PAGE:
A randomized clinical trial examining different doses of vitamin C (1, 2 or 4 g/d) failed to find a dose-response relationship or an association between serum ascorbic acid levels and mutagen sensitivity, which has been described as a risk factor for tobacco-related epithelial cancers. Despite these clinical findings, basic science data suggest that vitamin C may have a beneficial role in cancer progression through several different mechanisms. Vitamin C was recently found to restore Tet methylcytosine dioxygenase 2 function, one of the most frequently mutated genes in hematopoietic malignancies. Through this mechanism, vitamin C may block aberrant self-renewal and leukemia progression. Vitamin C also facilitates DNA oxidation in leukemia cells, rendering them more sensitive to poly ADP ribose polymerase inhibitors.
In cholangiocarcinoma, SVCT2 expression levels have been shown to correlate with susceptibility to vitamin C-induced cancer cell death in vitro and in vivo. In separate experiments, Vitamin C has been shown to increase methotrexate-mediated hepatocellular carcinoma cell death. Furthermore, vitamin C enhances the effectiveness of radiation therapy for glioblastoma and gemcitabine/epigallocatechin-3-gallate treatment for mesothelioma[128,129]. These findings are in contrast to data showing that vitamin C interferes with chemotherapy drugs such as doxorubicin, methotrexate, and cisplatin[128-131]. Moreover, vitamin C may enhance the growth of some cancers. For example, plasmocytoma cell growth is dependent on the presence of vitamin C. Vitamin C exposure showed differential effects in an in vitro model of colony-forming bone marrow cell growth in patients with myelodysplastic syndrome. In this model, vitamin C responsiveness (both growth enhancement or inhibition) was associated with shorter survival when compared to patients with no response to vitamin C. Adding to this complex picture is data derived from in vitro work that examined the response of HL-60 cells from an acute myeloid leukemia cell line to vitamin C. Vitamin C administration decreased oxidative stress and thus protected HL-60 cells from H2O2-induced cell death.
Curiously, high-dose vitamin C (0.5-5 mmol/L) has also been shown to increase the procoagulant properties of freshly isolated red blood cells via externalization of phophatidylserine, a mechanism known to lead to thrombus formation. Interestingly, this effect was more pronounced in red blood cells from cancer patients and could be confirmed in a rat model of thrombus formation.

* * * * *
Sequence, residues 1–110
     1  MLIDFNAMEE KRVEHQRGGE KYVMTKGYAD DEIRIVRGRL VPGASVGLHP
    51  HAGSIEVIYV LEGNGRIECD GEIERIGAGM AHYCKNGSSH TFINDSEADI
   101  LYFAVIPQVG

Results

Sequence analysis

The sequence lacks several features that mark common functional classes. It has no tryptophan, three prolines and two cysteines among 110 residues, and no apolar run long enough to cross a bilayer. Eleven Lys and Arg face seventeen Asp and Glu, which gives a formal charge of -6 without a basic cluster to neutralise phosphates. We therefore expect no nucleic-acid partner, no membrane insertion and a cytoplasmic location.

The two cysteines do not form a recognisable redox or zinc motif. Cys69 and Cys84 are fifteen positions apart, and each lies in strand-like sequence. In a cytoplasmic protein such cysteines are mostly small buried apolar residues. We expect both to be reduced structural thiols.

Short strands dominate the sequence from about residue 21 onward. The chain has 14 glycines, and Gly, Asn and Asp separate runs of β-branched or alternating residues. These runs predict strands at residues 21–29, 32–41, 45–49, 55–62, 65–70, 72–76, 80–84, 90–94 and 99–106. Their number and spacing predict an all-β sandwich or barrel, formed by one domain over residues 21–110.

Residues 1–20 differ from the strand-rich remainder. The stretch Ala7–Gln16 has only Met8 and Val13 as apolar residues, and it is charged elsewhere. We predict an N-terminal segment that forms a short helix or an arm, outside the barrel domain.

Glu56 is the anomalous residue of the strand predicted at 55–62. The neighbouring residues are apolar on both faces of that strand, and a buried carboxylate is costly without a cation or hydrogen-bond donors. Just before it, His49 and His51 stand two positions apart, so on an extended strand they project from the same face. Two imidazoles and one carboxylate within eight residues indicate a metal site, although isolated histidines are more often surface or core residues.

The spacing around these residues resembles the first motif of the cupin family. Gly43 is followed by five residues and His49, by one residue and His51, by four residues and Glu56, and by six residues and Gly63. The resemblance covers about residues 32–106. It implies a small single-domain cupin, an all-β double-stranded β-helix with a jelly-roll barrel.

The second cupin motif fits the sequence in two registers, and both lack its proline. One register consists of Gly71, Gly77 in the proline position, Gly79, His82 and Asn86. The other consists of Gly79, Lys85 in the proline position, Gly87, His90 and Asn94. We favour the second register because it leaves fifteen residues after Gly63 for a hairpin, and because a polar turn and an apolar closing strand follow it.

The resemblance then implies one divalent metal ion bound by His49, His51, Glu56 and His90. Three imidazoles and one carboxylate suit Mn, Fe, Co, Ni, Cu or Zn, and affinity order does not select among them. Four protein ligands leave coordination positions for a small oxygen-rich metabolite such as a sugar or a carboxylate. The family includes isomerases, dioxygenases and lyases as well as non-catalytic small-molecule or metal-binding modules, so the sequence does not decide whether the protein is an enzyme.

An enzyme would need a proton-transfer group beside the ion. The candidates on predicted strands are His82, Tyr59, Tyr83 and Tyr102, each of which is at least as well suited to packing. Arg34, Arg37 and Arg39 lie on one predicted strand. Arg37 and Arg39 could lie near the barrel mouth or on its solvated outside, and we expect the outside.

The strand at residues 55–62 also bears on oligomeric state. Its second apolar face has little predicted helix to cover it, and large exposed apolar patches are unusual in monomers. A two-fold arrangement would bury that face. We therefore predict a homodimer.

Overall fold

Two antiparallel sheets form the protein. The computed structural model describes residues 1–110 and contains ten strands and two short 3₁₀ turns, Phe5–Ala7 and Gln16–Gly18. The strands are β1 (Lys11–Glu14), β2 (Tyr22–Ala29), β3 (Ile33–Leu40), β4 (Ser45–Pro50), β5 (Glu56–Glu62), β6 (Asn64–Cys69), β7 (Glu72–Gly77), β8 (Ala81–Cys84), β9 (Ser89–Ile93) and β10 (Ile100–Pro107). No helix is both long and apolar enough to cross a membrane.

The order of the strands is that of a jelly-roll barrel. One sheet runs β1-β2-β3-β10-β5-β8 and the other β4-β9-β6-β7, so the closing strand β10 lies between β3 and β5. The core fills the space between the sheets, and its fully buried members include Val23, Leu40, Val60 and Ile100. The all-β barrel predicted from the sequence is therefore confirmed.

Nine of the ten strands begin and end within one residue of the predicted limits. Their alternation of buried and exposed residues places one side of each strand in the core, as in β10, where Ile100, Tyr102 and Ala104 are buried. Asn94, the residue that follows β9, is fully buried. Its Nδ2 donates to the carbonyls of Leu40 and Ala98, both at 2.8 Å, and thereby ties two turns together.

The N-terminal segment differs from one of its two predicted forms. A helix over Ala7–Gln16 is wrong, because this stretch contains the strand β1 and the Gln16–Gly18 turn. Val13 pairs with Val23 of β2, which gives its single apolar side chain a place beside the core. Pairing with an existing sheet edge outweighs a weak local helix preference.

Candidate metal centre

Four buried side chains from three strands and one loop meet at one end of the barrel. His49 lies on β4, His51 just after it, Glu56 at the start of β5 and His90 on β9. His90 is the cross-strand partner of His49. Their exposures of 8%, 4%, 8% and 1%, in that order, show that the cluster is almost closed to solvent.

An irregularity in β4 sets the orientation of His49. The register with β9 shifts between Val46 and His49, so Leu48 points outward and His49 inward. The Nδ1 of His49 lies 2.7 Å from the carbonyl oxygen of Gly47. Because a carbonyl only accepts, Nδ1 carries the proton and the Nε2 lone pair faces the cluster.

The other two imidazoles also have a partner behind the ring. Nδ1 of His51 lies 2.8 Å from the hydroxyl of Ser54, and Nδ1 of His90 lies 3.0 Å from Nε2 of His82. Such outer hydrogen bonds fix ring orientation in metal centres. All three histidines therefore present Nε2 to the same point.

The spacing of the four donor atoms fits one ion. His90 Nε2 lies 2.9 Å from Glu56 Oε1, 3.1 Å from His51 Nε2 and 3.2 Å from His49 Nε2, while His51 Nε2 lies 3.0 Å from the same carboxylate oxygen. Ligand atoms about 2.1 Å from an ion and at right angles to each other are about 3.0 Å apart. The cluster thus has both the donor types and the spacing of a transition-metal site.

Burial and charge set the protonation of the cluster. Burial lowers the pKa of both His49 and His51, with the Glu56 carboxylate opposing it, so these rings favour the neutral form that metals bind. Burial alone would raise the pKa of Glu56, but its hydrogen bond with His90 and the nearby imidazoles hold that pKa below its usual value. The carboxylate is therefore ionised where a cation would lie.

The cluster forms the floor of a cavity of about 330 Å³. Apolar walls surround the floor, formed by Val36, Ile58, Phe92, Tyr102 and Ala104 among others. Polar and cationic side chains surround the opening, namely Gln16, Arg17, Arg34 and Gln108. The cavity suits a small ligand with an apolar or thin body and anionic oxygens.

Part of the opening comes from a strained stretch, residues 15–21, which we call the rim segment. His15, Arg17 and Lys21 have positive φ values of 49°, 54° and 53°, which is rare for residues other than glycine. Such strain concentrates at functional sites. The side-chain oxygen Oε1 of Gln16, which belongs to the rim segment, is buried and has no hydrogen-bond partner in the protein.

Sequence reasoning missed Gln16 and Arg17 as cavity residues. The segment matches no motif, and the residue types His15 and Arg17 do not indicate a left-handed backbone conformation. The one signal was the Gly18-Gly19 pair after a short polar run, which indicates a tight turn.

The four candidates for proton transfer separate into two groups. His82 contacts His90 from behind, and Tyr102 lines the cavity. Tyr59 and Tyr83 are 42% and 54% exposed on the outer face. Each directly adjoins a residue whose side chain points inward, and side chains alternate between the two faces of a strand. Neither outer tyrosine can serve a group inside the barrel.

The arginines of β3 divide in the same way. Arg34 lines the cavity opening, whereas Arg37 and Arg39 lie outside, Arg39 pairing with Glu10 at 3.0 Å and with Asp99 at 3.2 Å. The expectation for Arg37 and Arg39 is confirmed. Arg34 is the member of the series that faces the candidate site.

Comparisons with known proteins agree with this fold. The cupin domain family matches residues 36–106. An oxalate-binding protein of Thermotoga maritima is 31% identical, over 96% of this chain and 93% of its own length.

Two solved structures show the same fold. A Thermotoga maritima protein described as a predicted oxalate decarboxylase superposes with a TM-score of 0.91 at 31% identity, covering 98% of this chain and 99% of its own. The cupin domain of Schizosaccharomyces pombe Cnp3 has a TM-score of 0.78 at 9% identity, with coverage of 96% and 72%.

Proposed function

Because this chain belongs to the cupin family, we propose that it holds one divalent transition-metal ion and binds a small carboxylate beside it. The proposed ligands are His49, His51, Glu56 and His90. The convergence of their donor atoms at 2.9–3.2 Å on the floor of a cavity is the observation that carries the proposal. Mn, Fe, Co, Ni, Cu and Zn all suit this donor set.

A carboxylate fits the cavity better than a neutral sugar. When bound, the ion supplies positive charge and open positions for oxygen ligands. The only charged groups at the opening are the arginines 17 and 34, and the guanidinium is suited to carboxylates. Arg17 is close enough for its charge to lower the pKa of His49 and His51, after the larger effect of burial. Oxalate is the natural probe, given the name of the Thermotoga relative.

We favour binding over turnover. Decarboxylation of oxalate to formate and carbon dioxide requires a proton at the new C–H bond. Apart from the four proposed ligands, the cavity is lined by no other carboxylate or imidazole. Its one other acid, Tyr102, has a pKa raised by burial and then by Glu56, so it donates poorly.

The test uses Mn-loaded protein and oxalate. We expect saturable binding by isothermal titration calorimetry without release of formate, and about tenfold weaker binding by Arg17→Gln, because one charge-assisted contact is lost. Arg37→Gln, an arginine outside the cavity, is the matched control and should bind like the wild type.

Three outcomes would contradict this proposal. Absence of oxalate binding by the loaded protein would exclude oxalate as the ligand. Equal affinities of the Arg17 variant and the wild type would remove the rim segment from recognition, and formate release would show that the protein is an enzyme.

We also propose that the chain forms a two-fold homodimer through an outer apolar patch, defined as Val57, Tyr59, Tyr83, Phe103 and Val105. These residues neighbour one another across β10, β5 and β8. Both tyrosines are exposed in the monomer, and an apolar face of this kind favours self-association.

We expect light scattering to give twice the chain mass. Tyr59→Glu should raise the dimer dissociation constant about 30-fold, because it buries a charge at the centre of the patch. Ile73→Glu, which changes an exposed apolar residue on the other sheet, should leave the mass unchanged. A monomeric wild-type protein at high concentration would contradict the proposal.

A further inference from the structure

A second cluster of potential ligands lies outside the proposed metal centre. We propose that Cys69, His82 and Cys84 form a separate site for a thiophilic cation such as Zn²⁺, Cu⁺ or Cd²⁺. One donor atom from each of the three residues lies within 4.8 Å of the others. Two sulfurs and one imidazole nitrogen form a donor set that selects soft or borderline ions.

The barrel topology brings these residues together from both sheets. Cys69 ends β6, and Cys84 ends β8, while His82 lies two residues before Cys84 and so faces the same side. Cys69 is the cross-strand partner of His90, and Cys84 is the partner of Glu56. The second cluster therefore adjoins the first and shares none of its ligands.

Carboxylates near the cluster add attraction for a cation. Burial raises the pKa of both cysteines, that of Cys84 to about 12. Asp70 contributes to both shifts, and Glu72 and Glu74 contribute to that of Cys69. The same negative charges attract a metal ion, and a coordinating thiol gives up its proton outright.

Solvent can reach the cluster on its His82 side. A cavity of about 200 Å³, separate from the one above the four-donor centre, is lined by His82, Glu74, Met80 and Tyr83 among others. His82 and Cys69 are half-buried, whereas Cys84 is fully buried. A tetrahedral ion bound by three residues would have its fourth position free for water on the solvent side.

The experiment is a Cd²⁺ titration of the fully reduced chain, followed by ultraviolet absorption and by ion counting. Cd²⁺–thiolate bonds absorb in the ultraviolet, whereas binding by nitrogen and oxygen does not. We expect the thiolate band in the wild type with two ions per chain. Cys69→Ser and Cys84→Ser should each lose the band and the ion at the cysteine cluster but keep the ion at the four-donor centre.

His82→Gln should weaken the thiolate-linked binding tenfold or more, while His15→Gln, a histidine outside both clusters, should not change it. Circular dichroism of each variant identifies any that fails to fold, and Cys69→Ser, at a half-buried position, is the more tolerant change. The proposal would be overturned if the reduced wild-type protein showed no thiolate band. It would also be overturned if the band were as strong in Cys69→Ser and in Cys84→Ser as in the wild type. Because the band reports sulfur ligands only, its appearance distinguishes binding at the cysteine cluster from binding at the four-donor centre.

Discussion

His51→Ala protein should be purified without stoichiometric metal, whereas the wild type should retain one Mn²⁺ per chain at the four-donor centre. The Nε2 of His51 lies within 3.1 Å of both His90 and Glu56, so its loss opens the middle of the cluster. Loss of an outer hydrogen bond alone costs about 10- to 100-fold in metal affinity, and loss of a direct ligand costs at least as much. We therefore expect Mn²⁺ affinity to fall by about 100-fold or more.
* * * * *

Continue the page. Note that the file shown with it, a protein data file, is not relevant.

In one study in terminal cancer patients, vitamin C was associated with increased quality-of-life and survival. In contrast, in two double-blinded randomized controlled trials that included patients with advanced cancers (stomach, colon, pancreas, lung, breast and others), vitamin C (10 g/d) did not improve survival[136,137].
Given the complexities of cancer biology and vitamin C, the risks and benefits of initiating high-dose vitamin C therapy in critically ill oncology patients should be carefully weighed and discussed with the oncology consultant.
Vitamin C is once again a focus of intense interest with respect to its role in the treatment of critically ill patients. Evidence suggests that vitamin C administration may have a variety of beneficial effects in patients undergoing cardiac surgical procedures, during resuscitation with acute burn injury, for the treatment of sepsis, in reducing pain, and in the treatment of cancer. While many questions have yet to be answered, there is little data to suggest that short-term high-dose vitamin C would elicit major harm, except for the risk of oxalate nephropathy. In fact, evidence suggests that short-term high-dose vitamin C in selected patients may improve hemodynamic parameters, decrease fluid resuscitation requirements, reduce the incidence of perioperative atrial fibrillation, improve pain and potentially reduce sepsis-associated mortality. We eagerly await additions to the growing body of evidence that examine the role of vitamin C administration for improving outcomes for our sickest patients.
Manuscript source: Invited manuscript
Specialty type: Critical care medicine
Country of origin: United States